Equity

"Equity" has several similar interpretations. It can be the amount of money invested in a business by owners, the amount of non-borrowed money a business contributes toward the purchase of an asset, the amount of profits retained by the business and not distributed to owners, and/or the dollar amount by which the fair market value of business assets exceeds the business debts. The business is not obligated to repay equity to owners or pay interest as is done with loans. The more equity a business has the less it has to pay to others which improves its cash flows and lowers the impact of adverse events. Lenders often require borrowers to have specific minimum acceptable levels of total equity in their business, and equity contributions to purchase specific assets. For example, most lenders require 20% to 30% equity (also referred to as a down payment) for the purchase of real estate.

Fixed Interest Rate

This means the that interest rate will not change during the scheduled the life of a loan. Borrowers like fixed interest rates because it aids in their cash flow planning and reduces risk of profit reductions and cash flow problems if interest rates substantially increase. In exchange for these borrower benefits and the extra interest rate risk the lender must assume, lenders charge an interest rate that is higher than that for a variable rate loan that is the same in all other aspects. Some commercial lenders will not provide fixed interest rates for some types of loans. Fixed interest rates are usually higher for longer term loans than shorter term loans.

Free Cash Flow (FCF)

This is a measure of financial performance calculated by adding non-cash expenses like depreciation to net income, subtracting new capital expenditures, and adding or subtracting changes in working capital. Some believe that Wall Street focuses myopically on earnings while ignoring the "real" cash that a firm generates. Earnings can often be clouded by accounting gimmicks, but it's tougher to fake cash flow. For this reason, some investors believe that FCF gives a much clearer view of the ability to generate cash (and thus profits). A negative cash flow is not necessarily bad; it can vary based on seasonal and economic cycles as well as businesses making major investments to spur new growth and profits.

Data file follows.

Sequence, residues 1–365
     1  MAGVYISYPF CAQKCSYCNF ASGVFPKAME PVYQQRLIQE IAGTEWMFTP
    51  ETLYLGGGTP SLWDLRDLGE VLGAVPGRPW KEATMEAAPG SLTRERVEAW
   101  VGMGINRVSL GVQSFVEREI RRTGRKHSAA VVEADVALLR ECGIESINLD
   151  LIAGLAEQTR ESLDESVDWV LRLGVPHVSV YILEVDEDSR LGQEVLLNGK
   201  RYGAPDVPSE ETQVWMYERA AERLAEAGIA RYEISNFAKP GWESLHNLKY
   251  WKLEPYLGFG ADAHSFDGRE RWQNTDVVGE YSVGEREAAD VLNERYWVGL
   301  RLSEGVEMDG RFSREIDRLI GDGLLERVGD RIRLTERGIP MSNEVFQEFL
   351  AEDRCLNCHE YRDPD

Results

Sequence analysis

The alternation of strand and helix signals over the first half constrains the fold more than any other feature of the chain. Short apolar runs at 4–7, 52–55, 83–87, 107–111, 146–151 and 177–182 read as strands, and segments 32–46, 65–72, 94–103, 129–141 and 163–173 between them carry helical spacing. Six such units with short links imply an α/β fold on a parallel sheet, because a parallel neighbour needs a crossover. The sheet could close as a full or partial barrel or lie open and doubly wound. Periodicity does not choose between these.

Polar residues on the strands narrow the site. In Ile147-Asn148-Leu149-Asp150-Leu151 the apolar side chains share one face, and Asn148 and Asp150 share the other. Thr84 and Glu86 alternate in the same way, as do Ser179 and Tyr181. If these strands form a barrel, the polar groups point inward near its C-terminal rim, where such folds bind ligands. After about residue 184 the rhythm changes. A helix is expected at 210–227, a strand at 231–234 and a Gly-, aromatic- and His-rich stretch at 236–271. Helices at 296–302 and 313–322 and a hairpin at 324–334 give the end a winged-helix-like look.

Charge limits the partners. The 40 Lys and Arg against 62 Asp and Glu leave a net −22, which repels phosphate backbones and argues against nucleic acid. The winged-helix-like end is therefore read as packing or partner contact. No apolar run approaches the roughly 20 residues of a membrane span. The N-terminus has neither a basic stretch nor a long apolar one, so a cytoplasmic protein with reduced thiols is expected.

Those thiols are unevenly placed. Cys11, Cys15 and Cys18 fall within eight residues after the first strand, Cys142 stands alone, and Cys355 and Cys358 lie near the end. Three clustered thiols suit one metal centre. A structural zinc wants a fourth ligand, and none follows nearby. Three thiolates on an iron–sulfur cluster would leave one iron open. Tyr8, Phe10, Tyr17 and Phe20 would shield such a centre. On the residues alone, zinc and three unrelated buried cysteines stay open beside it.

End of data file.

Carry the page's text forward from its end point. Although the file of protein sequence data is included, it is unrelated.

GAAP

GAAP is an acronym for "Generally Accepted Accounting Principals." GAAP is a collection of methods used to process, prepare, and present public accounting information. Generally accepted accounting principles (GAAP) are varied but based on a few basic principles that must be upheld by all GAAP rules. These principles include consistency, relevance, reliability, and comparability. Most lenders require businesses to prepare financial statements that adhere to GAAP guidelines.

Gap Financing

"Gap financing" has several similar interpretations. It often refers temporary borrowing to provide needed funds between the termination of one loan and the beginning of permanent financing. For example, a developer might obtain gap financing to provide funds for the period between the end of a construction loan and when permanent financing becomes available. Sometimes it is used to refer to loans given to fill the funding gap between what a borrower needs and what can be obtained from conventional commercial lenders.

Grace Period

A grace period is a period of time in which a borrower is late with a payment, but penalties are not incurred.

Guarantor

A guarantor is someone who promises, in writing, that a loan or other type of debt will be paid. Usually a guarantor agrees to fulfill another person's responsibilities should that person fail to do so. Lenders usually require a guarantor if the borrower has a limited credit history upon they can be evaluated or there is substantial risk that the borrower cannot fulfill their repayment obligation.

Interest Rate Swap

In an interest rate swap, two parties (referred to as counterparties) exchange sets of interest payments on a given amount of capital. Generally, one party will have a fixed interest payment, while the other will have a variable rate. Its purpose is usually to allow one party to remove an exposure to a variable interest rate for which they pay a premium on the fixed rate. The variable rate interest is often based on LIBOR. The swap arrangement can be for any period of time and can terminate any time prior to loan maturity. In swap arrangements, if market interest rates fall after the swap is established the borrower must pay a penalty to repay the loan prior to swap maturity. Some commercial lenders will not offer fixed rate loans but will coordinate swap arrangement so borrowers can get a fixed rate loan. However, because the lender is not a counterparty to the swap, the lender does not have the ability to easily modify terms of the loan to accomodate borrower changes.

Letter of Intent